FDA report shows antibiotic sales on the rise
© Copyright Agri-Pulse Communications, Inc.
WASHINGTON, Dec. 10, 2015 - An annual report from the Food and Drug Administration shows that sales and distribution of antibiotics for use in food animals is continuing an upward trend.
In the report, the FDA presents aggregated sales and distribution data for antimicrobial drugs approved for use in food-producing animals during the 2014 calendar year. According to the findings, 2014 domestic sales and distribution of such drugs increased 4 percent over 2013 and were up 22 percent from 2009.
Figures for 2014 domestic sales and distribution of antimicrobials that are medically important to humans but also approved for use in food-producing animals increased 3 percent in 2014, but rose 23 percent between 2009 and 2014. The report also states that such drugs accounted for 62 percent of domestic sales of all antimicrobials approved for use in food-producing animals.
A statement from the Animal Health Institute called the report “a small part of the story about the public health impact of antibiotics used to keep food animals healthy,” pointing out that “sales data does not represent actual use.”
“It is also important to note that significant progress continues in the effort to implement FDA's judicious use policy, designed to eliminate the use of medically important antibiotics for growth promotion and place all remaining uses under veterinary oversight,” the group said. “When fully implemented one year from now, medically important antibiotics will be used in food animals only to fight disease under the supervision of a veterinarian.”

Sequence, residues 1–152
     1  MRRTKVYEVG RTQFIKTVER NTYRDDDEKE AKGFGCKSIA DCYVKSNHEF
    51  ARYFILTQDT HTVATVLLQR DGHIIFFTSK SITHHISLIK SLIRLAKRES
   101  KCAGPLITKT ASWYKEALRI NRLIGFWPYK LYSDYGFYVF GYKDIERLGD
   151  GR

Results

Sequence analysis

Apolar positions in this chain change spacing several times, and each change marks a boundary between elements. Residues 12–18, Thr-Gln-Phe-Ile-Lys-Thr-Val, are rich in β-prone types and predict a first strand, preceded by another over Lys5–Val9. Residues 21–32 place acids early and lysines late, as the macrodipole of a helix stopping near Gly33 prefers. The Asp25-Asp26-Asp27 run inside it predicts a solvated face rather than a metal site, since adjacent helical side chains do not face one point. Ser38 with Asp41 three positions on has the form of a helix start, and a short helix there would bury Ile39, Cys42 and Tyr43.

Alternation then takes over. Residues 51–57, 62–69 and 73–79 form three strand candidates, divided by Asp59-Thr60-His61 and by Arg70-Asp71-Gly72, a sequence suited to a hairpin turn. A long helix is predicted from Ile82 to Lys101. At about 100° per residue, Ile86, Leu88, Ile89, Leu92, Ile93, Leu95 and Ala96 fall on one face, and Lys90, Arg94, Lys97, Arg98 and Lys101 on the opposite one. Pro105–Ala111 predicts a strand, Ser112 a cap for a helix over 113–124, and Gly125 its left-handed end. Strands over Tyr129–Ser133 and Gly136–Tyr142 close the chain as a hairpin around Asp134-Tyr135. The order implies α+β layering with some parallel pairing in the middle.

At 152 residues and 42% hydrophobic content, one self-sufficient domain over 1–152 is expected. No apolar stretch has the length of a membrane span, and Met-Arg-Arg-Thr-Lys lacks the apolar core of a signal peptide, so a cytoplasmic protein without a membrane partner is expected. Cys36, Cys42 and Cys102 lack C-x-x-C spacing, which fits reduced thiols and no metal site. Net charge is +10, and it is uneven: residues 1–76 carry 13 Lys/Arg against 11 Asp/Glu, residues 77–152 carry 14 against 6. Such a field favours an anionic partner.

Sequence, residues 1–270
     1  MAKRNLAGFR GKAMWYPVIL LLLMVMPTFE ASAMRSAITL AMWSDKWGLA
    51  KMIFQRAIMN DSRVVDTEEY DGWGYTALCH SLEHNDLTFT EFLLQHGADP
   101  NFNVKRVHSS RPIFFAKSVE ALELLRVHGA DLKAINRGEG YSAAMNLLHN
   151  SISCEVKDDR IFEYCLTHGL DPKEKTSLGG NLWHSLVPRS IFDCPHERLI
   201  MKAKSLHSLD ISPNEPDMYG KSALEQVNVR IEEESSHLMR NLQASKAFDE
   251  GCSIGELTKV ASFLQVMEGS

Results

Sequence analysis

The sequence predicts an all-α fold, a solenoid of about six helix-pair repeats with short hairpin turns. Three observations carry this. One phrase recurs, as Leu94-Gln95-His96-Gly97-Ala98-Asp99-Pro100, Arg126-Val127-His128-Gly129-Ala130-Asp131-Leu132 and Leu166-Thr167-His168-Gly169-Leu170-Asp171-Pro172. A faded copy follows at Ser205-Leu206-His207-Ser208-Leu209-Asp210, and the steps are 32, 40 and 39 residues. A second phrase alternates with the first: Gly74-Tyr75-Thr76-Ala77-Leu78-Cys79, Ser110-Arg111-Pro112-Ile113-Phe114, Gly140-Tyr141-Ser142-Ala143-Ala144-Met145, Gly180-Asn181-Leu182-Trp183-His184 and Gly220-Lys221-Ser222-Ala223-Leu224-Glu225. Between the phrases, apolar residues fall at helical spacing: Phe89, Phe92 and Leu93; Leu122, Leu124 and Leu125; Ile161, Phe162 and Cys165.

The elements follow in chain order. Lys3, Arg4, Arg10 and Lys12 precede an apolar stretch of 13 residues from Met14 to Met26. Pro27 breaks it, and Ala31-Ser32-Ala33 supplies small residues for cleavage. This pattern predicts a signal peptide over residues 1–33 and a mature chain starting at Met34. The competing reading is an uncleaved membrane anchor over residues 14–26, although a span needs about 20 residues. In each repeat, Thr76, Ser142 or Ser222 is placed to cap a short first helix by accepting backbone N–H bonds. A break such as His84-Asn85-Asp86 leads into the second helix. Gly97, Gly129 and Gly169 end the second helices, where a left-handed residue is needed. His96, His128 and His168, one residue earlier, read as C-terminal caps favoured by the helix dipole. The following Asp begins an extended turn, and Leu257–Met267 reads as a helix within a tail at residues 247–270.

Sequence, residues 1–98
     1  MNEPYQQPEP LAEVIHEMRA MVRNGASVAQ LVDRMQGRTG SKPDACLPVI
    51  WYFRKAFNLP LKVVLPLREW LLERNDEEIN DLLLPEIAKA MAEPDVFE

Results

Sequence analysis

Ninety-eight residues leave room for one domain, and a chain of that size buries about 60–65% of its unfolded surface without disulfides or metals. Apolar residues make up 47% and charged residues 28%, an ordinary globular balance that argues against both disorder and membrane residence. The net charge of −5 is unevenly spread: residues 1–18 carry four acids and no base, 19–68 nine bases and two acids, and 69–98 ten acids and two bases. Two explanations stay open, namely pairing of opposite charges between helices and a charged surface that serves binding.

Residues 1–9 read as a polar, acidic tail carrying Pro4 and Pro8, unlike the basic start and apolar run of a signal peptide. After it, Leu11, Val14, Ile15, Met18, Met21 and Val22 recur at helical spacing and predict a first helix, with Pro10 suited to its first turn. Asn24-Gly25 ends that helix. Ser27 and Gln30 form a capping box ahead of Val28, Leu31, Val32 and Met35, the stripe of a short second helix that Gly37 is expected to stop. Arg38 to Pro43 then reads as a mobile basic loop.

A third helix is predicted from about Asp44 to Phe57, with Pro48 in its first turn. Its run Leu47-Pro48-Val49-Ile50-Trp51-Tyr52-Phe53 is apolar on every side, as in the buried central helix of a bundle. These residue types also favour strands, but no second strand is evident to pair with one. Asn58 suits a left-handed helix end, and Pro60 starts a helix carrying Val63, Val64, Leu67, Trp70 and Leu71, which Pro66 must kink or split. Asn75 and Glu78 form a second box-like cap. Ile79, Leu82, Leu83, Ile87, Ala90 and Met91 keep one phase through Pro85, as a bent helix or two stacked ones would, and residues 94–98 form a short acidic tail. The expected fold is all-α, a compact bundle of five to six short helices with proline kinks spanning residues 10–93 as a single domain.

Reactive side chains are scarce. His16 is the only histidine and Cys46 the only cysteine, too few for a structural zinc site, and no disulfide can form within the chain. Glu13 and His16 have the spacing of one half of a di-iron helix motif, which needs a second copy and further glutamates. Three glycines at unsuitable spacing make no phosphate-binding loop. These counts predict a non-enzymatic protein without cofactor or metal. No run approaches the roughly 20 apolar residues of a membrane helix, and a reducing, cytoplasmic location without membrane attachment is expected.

Avinash Kar, a senior attorney with the Natural Resources Defense Council, said in a statement that the “dangerous overuse” of antibiotics in agriculture has been on the rise for several years, “putting the effectiveness of our lifesaving drugs in jeopardy for people when they get sick.” Kar called on FDA to “outlaw routine use of antibiotics on animals that are not sick in meat production nationwide.
“If we want to keep our antibiotics working for people when we need them, the agency must take urgent action.”
In its report, the FDA cautioned that there are “certain inherent limitations” on how data on increased antibiotic sales “may be appropriately interpreted and used.” The report clarifies that the sales and distribution data “are not indicative of how these antimicrobial drugs were actually used in animals” and that the figures represent products “intended for sale to the end user, not the volume of product ultimately purchased by the end user for administration to animals.” Because of such variables, the report said, “assumptions cannot be made about actual product use.”
In June, the FDA published an updated Veterinary Feed Directive (VFD) that went into effect at the beginning of October. The updated VFD calls for greater veterinary oversight and addresses medically important antibiotics used in growth promotion.